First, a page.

Buildings and cities are man-made landscapes. You’ll use many of the same techniques to photograph them as you would a sunset over a river. Framing and direction are important when photographing buildings. Hopefully, you’ll be able to find one or more spots where the view is nice and the lighting shows off the building (or fountain, statue, or skyline). If not, pick another building or city.

You need a wide-angle lens to capture larger buildings, especially when you’re close to them. If you’re photographing a cityscape or skyline, wide-angle lenses give you a greater sense of breadth and depth. It’s impressive to see an entire building or a large part of a city. You can’t get that with a 50mm lens unless you’re shooting from a mile away!

Similarly, aperture is the exposure setting you’ll most often want to look at, so you can control the depth of field. Make it large to have more in focus. Start at f/8 if you want an expansive depth of field, and consider stopping down to f/16 or f/22 if you need to increase its size after reviewing your photos and examining the depth of field.


Use HDR.

High dynamic range (HDR) photography is great because it helps you capture more detail in high-contrast scenes than you could with one photo. Why settle?

This is an example of an HDR image of a building in downtown Detroit. The sky and clouds were bright and the light was pretty harsh. Not only that, it was oppressively hot. HDR allowed the camera to capture the range of natural contrast in this scene, from the dark granite to the bright reflections.

Photographing buildings, especially from this distance, often requires the widest-angle lens you have.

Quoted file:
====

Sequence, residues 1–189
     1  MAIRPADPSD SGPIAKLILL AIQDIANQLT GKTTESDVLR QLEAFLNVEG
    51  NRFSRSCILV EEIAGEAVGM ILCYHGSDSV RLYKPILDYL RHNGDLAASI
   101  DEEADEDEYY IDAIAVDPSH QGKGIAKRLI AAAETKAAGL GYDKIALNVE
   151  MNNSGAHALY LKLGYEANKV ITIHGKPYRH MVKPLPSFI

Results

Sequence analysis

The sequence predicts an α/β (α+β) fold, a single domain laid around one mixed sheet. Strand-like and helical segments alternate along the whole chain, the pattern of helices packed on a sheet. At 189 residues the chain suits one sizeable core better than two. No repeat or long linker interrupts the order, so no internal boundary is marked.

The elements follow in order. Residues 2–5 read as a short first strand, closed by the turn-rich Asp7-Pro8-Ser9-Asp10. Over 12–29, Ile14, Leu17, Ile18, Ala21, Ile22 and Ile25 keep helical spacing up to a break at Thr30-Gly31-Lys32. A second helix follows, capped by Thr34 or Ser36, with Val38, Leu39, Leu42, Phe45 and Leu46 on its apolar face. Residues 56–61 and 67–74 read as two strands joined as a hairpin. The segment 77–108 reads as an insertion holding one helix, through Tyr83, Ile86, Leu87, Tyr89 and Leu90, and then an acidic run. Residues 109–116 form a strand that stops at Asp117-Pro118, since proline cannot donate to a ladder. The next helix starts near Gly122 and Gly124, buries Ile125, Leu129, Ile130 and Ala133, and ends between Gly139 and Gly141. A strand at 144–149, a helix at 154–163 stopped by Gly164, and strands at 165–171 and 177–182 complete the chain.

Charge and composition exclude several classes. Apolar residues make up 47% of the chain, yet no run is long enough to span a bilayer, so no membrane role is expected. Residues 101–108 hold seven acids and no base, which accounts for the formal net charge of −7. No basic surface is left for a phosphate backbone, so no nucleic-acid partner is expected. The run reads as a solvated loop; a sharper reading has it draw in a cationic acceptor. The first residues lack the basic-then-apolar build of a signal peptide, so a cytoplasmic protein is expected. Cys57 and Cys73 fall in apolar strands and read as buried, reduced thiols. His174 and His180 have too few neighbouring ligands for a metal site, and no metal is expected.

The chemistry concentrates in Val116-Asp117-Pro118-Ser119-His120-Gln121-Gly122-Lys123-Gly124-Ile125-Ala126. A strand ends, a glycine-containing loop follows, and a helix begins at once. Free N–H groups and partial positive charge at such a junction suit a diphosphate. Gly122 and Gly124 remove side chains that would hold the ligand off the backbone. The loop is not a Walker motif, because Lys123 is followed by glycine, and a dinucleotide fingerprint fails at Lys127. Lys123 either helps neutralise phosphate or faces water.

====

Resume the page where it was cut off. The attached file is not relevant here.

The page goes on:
Settings: f/7.1, 1/80 second, ISO 100, 10mm focal length. APS-C.


Find unique perspectives.

This shot in feels more like a landscape due to the reflections in the mirrored glass. The lens caused the vignetting (darkened edges), as well as the softness. The contrast and colors are very nice, however.

This scene, like a landscape, benefits from the light you see in the reflection. Notice the shadows cast by the trees? That’s right, it’s towards the evening golden hour. Had this scene been shot at a different time or with an overcast sky, it wouldn’t have the same effect.

Settings: f/8 (listed; actual is less), 1/25 second, ISO 400, 60mm focal length. APS-C.


Creatively process your shots.

The fountain is located on Belle Isle, just outside of Detroit. In this shot, the sun is positioned to the left. It’s hitting the water and fountain from behind and to the side. The camera was held vertically to block out some of the distractions.

This shot has been processed a number of ways. Instead of leaving it natural-looking (a typical blue sky with elements of green), the image has been desaturated (lowered the color intensity) and a dab of silver added. The result is artistic and unique. You know, you can do whatever you want with your photos too!

Settings: f/11, 1/200 second, ISO 100, 18mm focal length. APS-C.


Look up.

This is a photo of the Cadillac Tower in downtown Detroit. If you don’t have tall buildings where you live, travel somewhere else to photograph them. The wide-angle lens captures it fully. The dark sky (it was night) makes the building stand out nicely. Of course, shots like this need to be taken vertically.

The building is leaning away, which is a tell-tale sign that the camera was pointed up to take the shot. If this bothers you, you can remove vertical distortion in software afterwards.

When you’re in any city taking photos, pay attention to your surroundings. Watch out for traffic and other pedestrians. You increase your safety by keeping to well-lit areas that are frequented by visitors or tourists. It also helps to be with people.

Settings: f/3.5, 1/4 second, ISO 1600, 18mm focal length. APS-C.


Look out from the arch.

This shot was taken from the top of the Gateway Arch in St. Louis a number of times on road trips. The shot was timed perfectly to coincide with the evening golden hour. The perspective is looking out of the Arch to the northwest.

The sun cast beautiful rays and the colors of the buildings really stand out. The camera was equipped with a wide-angle lens to capture this, because it includes part of the window in addition to the outside scenery.

The aperture was set for a good depth of field and left the ISO at 100. The shutter speed was a reasonable 1/100 second. This shot shows the power of a unique scene taken from an interesting vantage point in good lighting.

Settings: f/8, 1/100 second, ISO 100, 14mm focal length. APS-C.